Everhart Museum in Scranton closes until February of 2021 due to COVID-19 surge
As the number of COVID-19 cases continues to surge in Northeastern Pennsylvania, many Scranton restaurants and small businesses have been forced to close temporarily after employees tested positive for the virus. Others have shut their doors to protect their own staff members and customers.
Today, the Everhart Museum of Natural History, Science, and Art in Scranton joined them, sending the following message to patrons via email:
We join several other cultural institutions in committing to support efforts to keep our patrons, our staff, and help contain the COVID-19 pandemic in our community. Due to the rise in cases of COVID-19, the museum will be closed until February 2021, effective immediately.
Our buildings may be closed, but we’re always open online. Check out our website to explore virtual programs. Visit the Everhart Museum Culture Connect Mobile Guide App, downloadable through Google Play or the App Store, to learn how you can access rich content about the Everhart Museum’s permanent collection, temporary exhibitions, and educational program highlights. Listen to guided audio tours, view objects and artworks from the museum’s extensive collection of natural history and art, and explore educational content using the museum’s interactive mobile guide and interactive website. Subscribe to our YouTube channel for stories from the collection, artist videos, and a peek behind the scenes, and follow us on social media.
We wish you all a very happy and healthy holiday season and look forward to welcoming you back in 2021.
After closing for over six months, the museum only recently reopened at 50 percent capacity on Sept. 5 with health and safety guidelines in place. As the presidential election loomed on the horizon, it opened with an exhibit called “Eyes on America,” containing over 40 objects from the Everhart’s permanent collection that “critically explore both traditional and unconventional symbols of America in order to reevaluate what it means to be American in the 21st century. The exhibition explores four symbols of America: the working class, Native Americans, famous figures, and abstract symbols.” It was scheduled to close on Dec. 31 but can still be seen in the virtual curator’s tour on YouTube (embedded below).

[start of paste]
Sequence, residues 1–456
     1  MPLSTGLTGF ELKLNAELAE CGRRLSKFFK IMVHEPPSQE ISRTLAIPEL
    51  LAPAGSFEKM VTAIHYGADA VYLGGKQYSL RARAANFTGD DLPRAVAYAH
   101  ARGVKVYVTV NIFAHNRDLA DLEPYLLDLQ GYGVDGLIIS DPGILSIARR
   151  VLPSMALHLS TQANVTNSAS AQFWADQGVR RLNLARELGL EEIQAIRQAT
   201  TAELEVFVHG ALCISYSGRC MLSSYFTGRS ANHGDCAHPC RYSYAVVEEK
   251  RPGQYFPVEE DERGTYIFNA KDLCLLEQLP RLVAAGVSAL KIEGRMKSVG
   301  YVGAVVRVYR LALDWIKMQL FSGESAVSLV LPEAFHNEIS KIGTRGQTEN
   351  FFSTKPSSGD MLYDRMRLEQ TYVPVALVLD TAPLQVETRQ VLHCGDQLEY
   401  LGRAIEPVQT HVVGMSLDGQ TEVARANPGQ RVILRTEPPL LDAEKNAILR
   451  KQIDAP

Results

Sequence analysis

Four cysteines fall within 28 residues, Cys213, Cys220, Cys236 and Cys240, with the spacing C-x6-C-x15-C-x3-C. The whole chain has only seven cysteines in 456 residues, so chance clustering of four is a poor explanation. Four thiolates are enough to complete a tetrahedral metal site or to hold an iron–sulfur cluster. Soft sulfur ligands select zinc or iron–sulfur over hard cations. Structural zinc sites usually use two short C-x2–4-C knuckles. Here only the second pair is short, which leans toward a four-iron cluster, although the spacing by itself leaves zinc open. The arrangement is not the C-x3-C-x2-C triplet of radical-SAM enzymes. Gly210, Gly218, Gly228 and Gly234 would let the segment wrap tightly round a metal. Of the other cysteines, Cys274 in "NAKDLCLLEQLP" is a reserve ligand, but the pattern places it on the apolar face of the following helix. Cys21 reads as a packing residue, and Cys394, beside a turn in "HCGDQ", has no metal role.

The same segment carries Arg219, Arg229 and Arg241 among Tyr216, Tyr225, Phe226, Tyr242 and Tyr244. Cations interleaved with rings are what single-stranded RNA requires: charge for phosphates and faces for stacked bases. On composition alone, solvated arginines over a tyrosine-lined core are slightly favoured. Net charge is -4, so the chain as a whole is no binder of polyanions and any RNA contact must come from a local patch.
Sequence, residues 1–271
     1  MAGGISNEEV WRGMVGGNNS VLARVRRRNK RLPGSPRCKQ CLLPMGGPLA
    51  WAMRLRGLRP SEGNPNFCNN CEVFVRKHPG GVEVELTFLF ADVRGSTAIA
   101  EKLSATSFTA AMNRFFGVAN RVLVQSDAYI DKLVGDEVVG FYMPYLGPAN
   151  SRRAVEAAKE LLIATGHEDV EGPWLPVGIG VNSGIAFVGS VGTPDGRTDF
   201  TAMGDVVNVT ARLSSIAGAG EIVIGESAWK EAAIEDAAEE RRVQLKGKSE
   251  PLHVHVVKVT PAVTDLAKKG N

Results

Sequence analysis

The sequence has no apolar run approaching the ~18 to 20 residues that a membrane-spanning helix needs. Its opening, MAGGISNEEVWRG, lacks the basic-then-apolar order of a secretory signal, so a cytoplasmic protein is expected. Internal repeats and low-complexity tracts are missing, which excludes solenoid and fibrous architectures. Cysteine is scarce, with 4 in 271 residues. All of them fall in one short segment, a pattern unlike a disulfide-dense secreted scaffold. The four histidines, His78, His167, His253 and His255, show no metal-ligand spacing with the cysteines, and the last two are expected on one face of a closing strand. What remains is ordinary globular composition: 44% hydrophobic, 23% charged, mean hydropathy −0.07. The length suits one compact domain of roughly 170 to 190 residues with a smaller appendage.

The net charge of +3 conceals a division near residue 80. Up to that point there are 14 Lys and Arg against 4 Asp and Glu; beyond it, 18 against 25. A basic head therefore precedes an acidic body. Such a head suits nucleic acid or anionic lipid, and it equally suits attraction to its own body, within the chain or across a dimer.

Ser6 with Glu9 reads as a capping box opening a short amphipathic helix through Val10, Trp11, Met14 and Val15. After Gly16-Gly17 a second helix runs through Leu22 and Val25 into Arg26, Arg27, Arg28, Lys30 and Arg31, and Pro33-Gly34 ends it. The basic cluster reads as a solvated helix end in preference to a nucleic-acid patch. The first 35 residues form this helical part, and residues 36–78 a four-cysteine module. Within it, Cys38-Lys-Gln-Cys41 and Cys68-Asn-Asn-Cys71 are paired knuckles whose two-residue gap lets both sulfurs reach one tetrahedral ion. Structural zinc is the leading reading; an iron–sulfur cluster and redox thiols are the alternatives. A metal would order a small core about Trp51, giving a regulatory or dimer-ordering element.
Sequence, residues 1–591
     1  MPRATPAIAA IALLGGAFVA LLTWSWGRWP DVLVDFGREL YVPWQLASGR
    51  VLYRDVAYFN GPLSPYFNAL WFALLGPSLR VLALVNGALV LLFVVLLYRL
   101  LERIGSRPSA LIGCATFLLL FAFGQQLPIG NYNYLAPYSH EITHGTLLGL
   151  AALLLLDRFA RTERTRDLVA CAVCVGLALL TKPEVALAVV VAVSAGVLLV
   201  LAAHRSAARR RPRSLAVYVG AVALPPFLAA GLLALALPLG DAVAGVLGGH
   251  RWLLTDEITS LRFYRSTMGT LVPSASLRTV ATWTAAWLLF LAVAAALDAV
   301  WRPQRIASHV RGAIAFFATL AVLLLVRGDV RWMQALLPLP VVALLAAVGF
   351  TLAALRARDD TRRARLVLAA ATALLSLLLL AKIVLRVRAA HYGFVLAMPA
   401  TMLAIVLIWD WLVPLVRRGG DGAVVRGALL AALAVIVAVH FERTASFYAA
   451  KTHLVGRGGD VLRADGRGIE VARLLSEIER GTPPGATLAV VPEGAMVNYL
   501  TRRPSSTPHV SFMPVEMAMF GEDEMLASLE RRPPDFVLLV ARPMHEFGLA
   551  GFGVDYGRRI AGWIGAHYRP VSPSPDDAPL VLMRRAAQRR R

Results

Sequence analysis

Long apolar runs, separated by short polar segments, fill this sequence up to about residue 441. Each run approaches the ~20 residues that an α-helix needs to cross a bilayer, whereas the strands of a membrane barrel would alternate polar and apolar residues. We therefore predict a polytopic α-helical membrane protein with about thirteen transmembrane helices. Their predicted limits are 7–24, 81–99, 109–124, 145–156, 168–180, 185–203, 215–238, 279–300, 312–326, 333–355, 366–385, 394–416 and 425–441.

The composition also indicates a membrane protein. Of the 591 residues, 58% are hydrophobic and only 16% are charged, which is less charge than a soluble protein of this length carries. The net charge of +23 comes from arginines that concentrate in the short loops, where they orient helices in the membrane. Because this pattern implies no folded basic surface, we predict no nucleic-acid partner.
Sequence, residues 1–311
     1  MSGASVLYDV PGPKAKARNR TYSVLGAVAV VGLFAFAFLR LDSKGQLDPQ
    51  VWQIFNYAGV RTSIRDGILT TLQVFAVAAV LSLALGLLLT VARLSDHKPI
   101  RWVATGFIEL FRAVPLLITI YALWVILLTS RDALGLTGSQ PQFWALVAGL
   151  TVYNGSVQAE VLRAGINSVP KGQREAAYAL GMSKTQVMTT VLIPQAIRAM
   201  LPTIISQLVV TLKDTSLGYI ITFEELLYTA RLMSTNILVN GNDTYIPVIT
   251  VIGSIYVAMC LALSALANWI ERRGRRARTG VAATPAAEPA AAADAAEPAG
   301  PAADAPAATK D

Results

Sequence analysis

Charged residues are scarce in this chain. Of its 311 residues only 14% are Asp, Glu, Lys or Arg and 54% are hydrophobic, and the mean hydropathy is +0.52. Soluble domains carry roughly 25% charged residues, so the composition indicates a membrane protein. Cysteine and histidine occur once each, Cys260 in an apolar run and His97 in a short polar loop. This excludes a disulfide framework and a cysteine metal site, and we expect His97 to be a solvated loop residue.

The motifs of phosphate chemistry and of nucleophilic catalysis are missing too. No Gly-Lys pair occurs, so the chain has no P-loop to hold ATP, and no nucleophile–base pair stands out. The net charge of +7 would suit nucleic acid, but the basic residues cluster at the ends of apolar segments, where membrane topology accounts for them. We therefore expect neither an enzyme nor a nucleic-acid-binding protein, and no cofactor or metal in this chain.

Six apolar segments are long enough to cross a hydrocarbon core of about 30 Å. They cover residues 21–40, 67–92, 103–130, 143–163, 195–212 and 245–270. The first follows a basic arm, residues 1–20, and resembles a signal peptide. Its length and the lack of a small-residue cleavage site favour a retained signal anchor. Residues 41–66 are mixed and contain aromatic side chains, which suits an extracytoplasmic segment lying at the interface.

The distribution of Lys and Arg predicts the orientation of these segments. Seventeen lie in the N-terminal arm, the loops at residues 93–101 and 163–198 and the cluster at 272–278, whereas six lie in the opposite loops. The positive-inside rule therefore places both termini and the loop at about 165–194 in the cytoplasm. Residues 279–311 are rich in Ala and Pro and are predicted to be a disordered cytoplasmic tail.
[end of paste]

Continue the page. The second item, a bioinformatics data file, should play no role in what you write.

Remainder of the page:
Just before Halloween, the Everhart offered a one-hour guided “Flashlight Tour” about myths and superstitions on Oct. 24, which ended with a special presentation by John and Keriann Balucha of Wyoming Valley Ghost Tours discussing details of their paranormal investigation of the museum.
The Everhart Museum (1901 Mulberry St., Scranton) was founded in 1908 by Dr. Isaiah Fawkes Everhart, a Scranton physician and businessman with a keen interest in natural history. Located in Scranton’s historic Nay Aug Park, the Everhart is the largest general museum in Northeastern Pennsylvania. It is dedicated to the collection, care, and display of a diverse array of objects and specimens, including natural history, science, and fine arts. Through its exhibitions and programs, the museum has been an invaluable regional resource for educational and cultural opportunities for over 100 years.